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Latest Bird migration Stories

30ce0c8eff315442f6efe8a5f913eba91
2010-05-09 07:30:00

A team from the University of Cantabria (UC) has studied the contribution that internal migration by foreign people living in Spain made to the process of overall provincial convergence between 1996 and 2005. The main reasons for foreign migrants moving between regions were found to be primarily employment-related rather than to do with residential choice. Between 1996 and 2005, the proportion of internal migrations in Spain made by foreigners grew from 3% to 26% of the total. By 2008, three...

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2010-04-30 06:25:53

When it comes to brains, bigger is not always better Researchers at Centre for Ecological Research and Forestry Applications (CREAF, a Universitat Autònoma de Barcelona-affiliated center) shed new light on the evolution of brain size in birds. Scientists have known for some time that migratory birds have smaller brains than their resident relatives. Now a new study looks into the reasons and concludes that the act of migrating leads to a reduced brain size. Authors point to...

2010-04-21 13:50:27

The results of genetic studies on migratory birds substantiate the theory that in the case of a continued global warming, and within only a few generations, migratory birds will - subject to strong selection and microevolution - at first begin to fly shorter distances and at a later stage, stop migrating, and will thus become so-called "residents". In a selection experiment with blackcaps from southwest Germany, Francisco Pulido and Peter Berthold at the Max Planck Institute for Ornithology...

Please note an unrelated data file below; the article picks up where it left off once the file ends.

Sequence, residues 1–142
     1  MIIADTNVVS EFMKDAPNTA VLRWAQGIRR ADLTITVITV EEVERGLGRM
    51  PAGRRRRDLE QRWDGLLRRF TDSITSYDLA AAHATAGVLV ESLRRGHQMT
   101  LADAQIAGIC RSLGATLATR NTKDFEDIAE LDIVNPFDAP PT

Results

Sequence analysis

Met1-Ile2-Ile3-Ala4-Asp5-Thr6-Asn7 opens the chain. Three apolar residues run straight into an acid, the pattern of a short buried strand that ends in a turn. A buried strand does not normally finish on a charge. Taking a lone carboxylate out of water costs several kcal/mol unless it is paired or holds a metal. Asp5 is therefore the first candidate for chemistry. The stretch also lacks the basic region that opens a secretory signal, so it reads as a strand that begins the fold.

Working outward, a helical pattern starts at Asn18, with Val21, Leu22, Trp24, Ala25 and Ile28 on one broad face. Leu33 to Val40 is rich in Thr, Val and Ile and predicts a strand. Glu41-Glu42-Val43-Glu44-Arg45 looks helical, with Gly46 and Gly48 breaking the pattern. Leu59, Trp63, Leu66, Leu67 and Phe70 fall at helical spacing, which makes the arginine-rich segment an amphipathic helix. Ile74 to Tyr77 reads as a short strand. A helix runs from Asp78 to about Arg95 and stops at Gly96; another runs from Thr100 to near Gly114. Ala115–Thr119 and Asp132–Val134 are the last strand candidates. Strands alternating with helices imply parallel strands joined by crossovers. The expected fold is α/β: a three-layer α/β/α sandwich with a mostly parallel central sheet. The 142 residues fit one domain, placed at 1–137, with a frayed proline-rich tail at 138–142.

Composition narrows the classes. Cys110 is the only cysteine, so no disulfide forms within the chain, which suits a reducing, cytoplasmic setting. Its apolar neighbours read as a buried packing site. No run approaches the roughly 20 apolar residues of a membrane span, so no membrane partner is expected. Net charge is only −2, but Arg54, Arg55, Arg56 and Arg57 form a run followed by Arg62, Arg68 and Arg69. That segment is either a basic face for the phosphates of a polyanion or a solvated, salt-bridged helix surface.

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2010-02-24 10:55:00

The United Nations reported on Wednesday that several countries, including Russia, Iran and China, are working together to bring back the Siberian Crane form the brink of extinction. The pure white, 55-inch tall crane is considered to be critically endangered with a population of less than 3,500 individuals left. But, with the help of the international community, "the future of the Siberian crane is looking brighter," said Claire Mirande, director of the Siberian Crane Wetland Project. The...

2010-02-23 14:38:21

Iron containing short nerve branches in the upper beak of birds may serve as a magnetometer to measure the vector of the Earth magnetic field (intensity and inclination) and not only as a magnetic compass, which shows the direction of the magnetic field lines. Already several years ago, the Frankfurt neurobiologists Dr.Gerta Fleissner and her husband Prof. Dr. Gnther Fleissner have discovered these structures in homing pigeons and have, in close cooperation with the experimental physicist...

bd3b4dd65af6593835cf6eb8f4a30b4e1
2010-02-17 10:18:17

Heavy migratory birds take shorter breaks and reach their breeding grounds faster Small migratory birds, like the garden warbler, must make stopovers on their journeys to their breeding grounds. When they have crossed extensive ecological barriers, such as deserts or oceans, they must land to replenish their fat reserves. A researcher from the Max Planck Institute for Ornithology in Seewiesen and a team of Italian colleagues measured the duration of the stopovers made by garden warblers on an...

7a75c7adb50bb512dae3872d4a4cbd011
2010-02-12 09:31:50

Traveling long distances spurs the evolution of larger and pointier wings A University of Georgia study has found that monarch butterflies that migrate long distances have evolved significantly larger and more elongated wings than their stationary cousins, differences that are consistent with traits known to enhance flight ability in other migratory species. As part of a National Science Foundation and UGA-funded study, researchers in the Warnell School of Forestry and Natural Resources and...

2010-02-04 15:09:37